The pendulum demonstrates, how the globe is turning
In St. Peter and Paul’s church there is an installation that demonstrates, how the globe is rotating. Kraków is proud of Kopernikus, Foucault and Coriolis.
Every Thursday, a pendulum is installed above a carpet. The man presenting it shows humor. He hangs the pendulum on to a string, keeps it attached with a rope and asks one of the spectators to burn the rope with a lighter- the pendulum starts to swing along the carpet.
There are lines on the carpet, and I understand that every six minutes the pendulum reaches a new line
Towards the Wisla – now I understand – it turns forming a right angle
Next I walk to the Wisla. My plan is to visit Zwieryniec. But I mess it all up. I cross the Wisla using the Grunwald bridge… and, believing this is enough, I follow the Wisla, taking fotos of the Paulinow Church on the rock
and of a Swiss advertisement that made me feel at home.
And then, I am confused. I do not recognize the streets here as being part of Zwieryniec. Dlugosza Uliza? Where am I? I have to take a rest and think about this. The small bar Swinka looks inviting. It is lunch time.
I take a seat on the cosy sofa and eat placki with a light mushroom sauce. I am happy to have found placki without the heavy Gulasz, just a plain meal like the Kartoffelpuffer that my mum (originating from Berlin) prepared.
As I have calmed down my stomach I have another look at the map and now all becomes clear to me. The Wisla forms a right angle under the Wawel Castle, and crossing the Grunwald bridge coming from the Wawel Castle, I have only crossed the river once, but should have done so twice to reach Zwieryniec. Actually I have ended up in Podgórze instead. Also the Wisla is “turning”.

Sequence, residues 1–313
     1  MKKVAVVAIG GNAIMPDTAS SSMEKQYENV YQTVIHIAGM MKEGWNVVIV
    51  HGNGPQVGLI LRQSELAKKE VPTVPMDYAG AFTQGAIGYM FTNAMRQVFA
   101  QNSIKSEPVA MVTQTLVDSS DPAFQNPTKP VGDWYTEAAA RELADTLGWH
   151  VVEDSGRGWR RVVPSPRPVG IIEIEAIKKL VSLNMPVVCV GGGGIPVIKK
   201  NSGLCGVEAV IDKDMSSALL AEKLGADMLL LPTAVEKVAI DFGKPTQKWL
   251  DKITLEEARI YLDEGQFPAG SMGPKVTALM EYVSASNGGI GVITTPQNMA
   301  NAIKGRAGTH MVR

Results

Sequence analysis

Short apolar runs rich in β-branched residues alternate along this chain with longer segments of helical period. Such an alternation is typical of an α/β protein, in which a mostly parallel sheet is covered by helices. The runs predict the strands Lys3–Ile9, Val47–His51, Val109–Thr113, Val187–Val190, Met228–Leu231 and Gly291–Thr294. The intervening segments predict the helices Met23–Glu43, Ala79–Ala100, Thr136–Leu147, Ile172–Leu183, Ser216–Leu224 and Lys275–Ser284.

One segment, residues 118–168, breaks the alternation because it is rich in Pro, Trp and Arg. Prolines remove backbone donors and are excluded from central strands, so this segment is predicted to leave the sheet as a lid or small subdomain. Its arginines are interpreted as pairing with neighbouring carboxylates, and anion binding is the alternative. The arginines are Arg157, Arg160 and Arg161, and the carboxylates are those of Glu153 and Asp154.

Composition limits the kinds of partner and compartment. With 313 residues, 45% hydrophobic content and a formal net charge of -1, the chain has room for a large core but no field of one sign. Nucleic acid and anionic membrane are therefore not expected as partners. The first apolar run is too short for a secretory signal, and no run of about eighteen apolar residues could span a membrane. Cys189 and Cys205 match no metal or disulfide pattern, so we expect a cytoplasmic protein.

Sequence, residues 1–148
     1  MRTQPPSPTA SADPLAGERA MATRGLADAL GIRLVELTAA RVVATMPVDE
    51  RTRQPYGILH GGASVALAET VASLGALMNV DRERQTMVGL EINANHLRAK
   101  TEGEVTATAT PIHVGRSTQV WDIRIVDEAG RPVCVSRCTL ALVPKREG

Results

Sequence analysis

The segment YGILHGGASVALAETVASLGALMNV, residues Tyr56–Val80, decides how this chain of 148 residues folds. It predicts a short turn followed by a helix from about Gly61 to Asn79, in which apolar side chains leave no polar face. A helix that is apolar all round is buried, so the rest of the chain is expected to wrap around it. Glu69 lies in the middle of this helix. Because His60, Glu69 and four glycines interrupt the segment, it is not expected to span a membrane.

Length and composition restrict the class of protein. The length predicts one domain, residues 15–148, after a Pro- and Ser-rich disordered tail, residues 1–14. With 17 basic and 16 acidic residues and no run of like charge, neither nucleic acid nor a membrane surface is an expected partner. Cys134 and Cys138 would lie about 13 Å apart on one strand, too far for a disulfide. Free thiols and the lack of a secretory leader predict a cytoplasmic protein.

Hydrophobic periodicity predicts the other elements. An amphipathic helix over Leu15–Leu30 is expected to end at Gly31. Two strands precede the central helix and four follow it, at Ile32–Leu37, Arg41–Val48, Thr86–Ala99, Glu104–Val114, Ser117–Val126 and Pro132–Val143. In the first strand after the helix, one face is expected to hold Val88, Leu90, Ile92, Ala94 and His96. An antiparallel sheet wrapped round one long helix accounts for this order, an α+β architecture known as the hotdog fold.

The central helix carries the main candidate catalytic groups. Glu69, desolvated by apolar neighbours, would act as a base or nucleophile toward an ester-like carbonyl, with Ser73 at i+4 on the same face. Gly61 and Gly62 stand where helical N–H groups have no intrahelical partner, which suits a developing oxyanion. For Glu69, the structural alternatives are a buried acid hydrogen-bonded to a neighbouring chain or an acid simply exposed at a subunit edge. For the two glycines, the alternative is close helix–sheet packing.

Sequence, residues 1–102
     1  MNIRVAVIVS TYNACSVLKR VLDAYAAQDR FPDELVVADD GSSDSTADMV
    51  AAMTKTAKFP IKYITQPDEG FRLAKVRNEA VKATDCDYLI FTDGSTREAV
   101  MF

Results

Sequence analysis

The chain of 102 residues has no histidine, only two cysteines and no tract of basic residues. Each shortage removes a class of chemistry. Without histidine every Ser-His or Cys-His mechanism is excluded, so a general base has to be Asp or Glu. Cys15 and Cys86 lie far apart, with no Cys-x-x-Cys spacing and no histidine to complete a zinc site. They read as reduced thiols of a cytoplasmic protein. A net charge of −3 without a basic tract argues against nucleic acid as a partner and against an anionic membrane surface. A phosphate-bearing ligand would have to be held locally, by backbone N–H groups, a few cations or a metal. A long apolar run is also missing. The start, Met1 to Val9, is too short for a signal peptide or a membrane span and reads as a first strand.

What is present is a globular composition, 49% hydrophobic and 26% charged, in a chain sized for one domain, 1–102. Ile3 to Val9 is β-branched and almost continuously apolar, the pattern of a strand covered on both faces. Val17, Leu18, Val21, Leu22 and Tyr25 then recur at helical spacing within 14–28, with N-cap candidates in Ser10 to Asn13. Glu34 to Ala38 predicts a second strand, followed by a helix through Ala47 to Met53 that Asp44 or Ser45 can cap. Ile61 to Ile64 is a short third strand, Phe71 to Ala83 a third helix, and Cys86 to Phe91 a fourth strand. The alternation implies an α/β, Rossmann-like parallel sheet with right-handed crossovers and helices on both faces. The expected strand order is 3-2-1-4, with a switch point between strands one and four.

The Mangha Museum: Japanese theatre and Max Ernst
I decide to walk back and visit the Japanese Mangha Museum. In an astounding architectural setting it shows woodcarvings that illustrate and advertise Japanese theater from the 18th and 19th century.
Harmony in the pictures. The plays must be tragedies, because the men always look angry, while the faces of the ladies (also played by men) look mostly gentle.
Max Ernst is a surrealist. There is a temporary exhibition of drawings and book illustrations he made. His drawings are fun, but what astounds me most is the ballad of the soldiers that he illustrated: “Soldaten… verteidigt unsere grosse Kultur, die nur wir allein besitzen. Soldaten.” This sounds frightening to me: “Soldiers… defend our great culture that only we and only we own.” I am not sure, whether this is meant seriously, but this is an utterly dangerous statement. Kazimierz would look different today, if such thoughts had never existed.
Back on the Rynek
There is activity on the Rynek: The Christmas market will soon open.
and I find another trumpeter or hejnal inviting guests to a hostel in Florianska.
The hippolite museum – charm of our gran-gran-parents
To top off the day, I visit the hipolit house which shows, how a bourgeois family lived from the 17th to the 19th century, mixing furniture of various styles and being afraid of any empty space or horror vacui. The bourgeois saloons and sleeping rooms were not without charm.
The hipolit cellar shows fotos of theater plays, and I am surprised to find Dürrenmatt, a Swiss author, here.
Drinking a cidre in the hipolit bar, I sum up my day. Well, it was not evolving according to my plan, but the unexpected kept great surprises.
The last surprise of today was an Aztecan soup in the Mexican restaurant. It tasted like ten years ago in Mexico, when I had shared it with Ernst. Joanna had created that surprise for me – thank you.